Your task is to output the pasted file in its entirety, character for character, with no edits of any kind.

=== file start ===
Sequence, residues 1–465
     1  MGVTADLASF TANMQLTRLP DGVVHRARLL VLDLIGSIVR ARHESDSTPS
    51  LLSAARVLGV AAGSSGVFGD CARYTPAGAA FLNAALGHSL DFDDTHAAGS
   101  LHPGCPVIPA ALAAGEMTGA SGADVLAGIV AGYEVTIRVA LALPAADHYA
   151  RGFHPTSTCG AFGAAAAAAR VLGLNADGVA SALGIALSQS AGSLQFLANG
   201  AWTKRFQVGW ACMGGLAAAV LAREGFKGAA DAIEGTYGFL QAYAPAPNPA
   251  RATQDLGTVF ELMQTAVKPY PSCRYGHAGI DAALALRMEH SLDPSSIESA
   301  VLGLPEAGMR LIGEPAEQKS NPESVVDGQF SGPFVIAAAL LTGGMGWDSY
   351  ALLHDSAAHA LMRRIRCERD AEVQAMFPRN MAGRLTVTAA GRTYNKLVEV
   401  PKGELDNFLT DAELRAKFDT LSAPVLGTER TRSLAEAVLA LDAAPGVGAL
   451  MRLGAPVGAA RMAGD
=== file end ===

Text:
Sequence, residues 1–465
     1  MGVTADLASF TANMQLTRLP DGVVHRARLL VLDLIGSIVR ARHESDSTPS
    51  LLSAARVLGV AAGSSGVFGD CARYTPAGAA FLNAALGHSL DFDDTHAAGS
   101  LHPGCPVIPA ALAAGEMTGA SGADVLAGIV AGYEVTIRVA LALPAADHYA
   151  RGFHPTSTCG AFGAAAAAAR VLGLNADGVA SALGIALSQS AGSLQFLANG
   201  AWTKRFQVGW ACMGGLAAAV LAREGFKGAA DAIEGTYGFL QAYAPAPNPA
   251  RATQDLGTVF ELMQTAVKPY PSCRYGHAGI DAALALRMEH SLDPSSIESA
   301  VLGLPEAGMR LIGEPAEQKS NPESVVDGQF SGPFVIAAAL LTGGMGWDSY
   351  ALLHDSAAHA LMRRIRCERD AEVQAMFPRN MAGRLTVTAA GRTYNKLVEV
   401  PKGELDNFLT DAELRAKFDT LSAPVLGTER TRSLAEAVLA LDAAPGVGAL
   451  MRLGAPVGAA RMAGD